Dark things are afoot in the village of Mallett. A man is found dead, with severe burns on his back. Somebody had dropped hot cinders down his back, and the shock was enough to kill him. But that is only the first hint of things to come…
Soon, another man lies dead, from cyanide-laced fish. And another is found drowned in a water-barrel. Is a homicidal maniac stalking the streets of Mallett. The police certainly think so, but Anthony Bathurst, a consulting detective, has different ideas. He can see that somebody is working to a dark and sinister scheme – but can the killer be found before his or her scheme comes to fruition?
A final review for Past Offences’ Crimes Of The Century #1943book and a return to Brian Flynn, the author that I recently stumbled upon via a very welcome Christmas present of The Mystery Of The Peacock’s Eye. This one is the thirtieth (of fifty four) book to feature Bathurst, my copy being a reprint by the publisher John Long. According to the inside cover, they also reprinted Such Bright Disguises (Book 28) and from the cover, the wonderfully named The Running Nun may well have been reprinted too – there’s actually a long list of “By The Same Author” but I’m not sure how many were reprinted. Certainly finding a copy of anything by the author is a tricky task – I’ve suggested to the British Library and Dean St Press that he might be worth their time so fingers crossed.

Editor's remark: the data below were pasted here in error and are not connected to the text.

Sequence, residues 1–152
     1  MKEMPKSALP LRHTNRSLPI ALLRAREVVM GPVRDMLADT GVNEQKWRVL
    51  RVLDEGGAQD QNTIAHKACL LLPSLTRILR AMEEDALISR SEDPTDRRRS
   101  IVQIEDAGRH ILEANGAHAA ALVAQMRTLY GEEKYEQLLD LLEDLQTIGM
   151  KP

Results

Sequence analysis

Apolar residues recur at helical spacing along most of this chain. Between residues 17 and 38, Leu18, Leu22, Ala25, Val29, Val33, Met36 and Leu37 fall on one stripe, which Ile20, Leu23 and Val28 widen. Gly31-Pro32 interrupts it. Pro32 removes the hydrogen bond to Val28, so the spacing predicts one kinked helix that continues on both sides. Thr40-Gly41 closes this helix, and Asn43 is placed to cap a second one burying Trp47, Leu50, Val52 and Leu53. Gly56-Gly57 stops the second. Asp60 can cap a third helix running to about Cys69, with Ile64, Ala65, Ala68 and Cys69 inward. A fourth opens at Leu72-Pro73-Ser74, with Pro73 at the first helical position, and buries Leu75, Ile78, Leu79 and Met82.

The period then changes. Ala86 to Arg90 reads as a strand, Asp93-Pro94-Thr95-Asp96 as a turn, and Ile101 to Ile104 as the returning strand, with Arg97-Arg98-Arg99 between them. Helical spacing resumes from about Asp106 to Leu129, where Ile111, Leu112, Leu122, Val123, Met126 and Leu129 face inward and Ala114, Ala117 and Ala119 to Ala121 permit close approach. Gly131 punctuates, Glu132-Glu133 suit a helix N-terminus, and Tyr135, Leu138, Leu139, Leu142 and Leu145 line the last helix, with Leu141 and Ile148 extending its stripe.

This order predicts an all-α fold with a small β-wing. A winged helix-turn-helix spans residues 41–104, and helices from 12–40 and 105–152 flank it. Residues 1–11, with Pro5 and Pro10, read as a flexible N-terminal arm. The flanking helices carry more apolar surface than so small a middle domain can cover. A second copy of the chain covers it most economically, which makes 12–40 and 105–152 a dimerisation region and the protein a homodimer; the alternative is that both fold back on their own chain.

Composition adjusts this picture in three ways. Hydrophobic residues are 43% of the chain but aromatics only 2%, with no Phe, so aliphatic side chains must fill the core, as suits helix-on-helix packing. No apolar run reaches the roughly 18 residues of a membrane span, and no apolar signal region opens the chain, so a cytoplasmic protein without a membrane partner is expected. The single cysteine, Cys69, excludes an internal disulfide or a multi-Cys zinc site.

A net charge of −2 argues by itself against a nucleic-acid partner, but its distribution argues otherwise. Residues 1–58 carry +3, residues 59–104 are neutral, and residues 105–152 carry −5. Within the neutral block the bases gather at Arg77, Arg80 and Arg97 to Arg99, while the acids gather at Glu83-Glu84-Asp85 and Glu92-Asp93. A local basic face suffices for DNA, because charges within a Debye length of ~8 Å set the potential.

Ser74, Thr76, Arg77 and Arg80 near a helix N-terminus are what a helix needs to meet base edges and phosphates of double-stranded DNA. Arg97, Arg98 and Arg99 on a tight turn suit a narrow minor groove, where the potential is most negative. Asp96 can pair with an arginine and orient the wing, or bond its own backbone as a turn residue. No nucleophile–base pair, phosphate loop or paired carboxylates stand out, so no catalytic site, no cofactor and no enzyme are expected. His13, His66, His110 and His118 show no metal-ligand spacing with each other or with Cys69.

This one is rather fun – the bodies mount up, and the murderer’s plan is utterly bonkers, but the story potters along nicely and while the crucial clue is only mentioned briefly in passing, there’s some fun to be had spotting the link between the deaths that is part of the murderer’s plan – although given that it’s only at the end of the day that even Bathurst spots it, it does make the plan pretty stupid.
One of the fun things of #1943book is seeing how the crime authors of the time dealt with the war. John Rhode/Miles Burton used the fact to various extents in his plotting, Helen McCloy wrote a spy-thriller-mystery and Flynn… just ignores it. There’s no mention of it at all. But what hints of the time are there? Well, we have the word of the month which is “vaticination” – another word for prediction. We have a fish and chip shop being referred to as a “fried fish shop”. Drinks of the time included that popular cocktail a “Clover Club” – gin, lemon juice, raspberry syrup, and an egg white – yumsk! – and sherry came in varieties such as “brown”.
It’s not perfect – the killer’s scheme needs such an amazing amount of luck and coincidence to be viable in the first place and there are some lapses in logic, such as how the coals were kept hot enough to kill, that are happily ignored, and once Bathurst has things worked out, he takes an age to get to the point of confronting the killer. Oh, and I haven’t the faintest idea what the title is about…
Anyway, I wouldn’t break the bank to get your hands on a copy, but if you can find a cheap copy, this is definitely Recommended.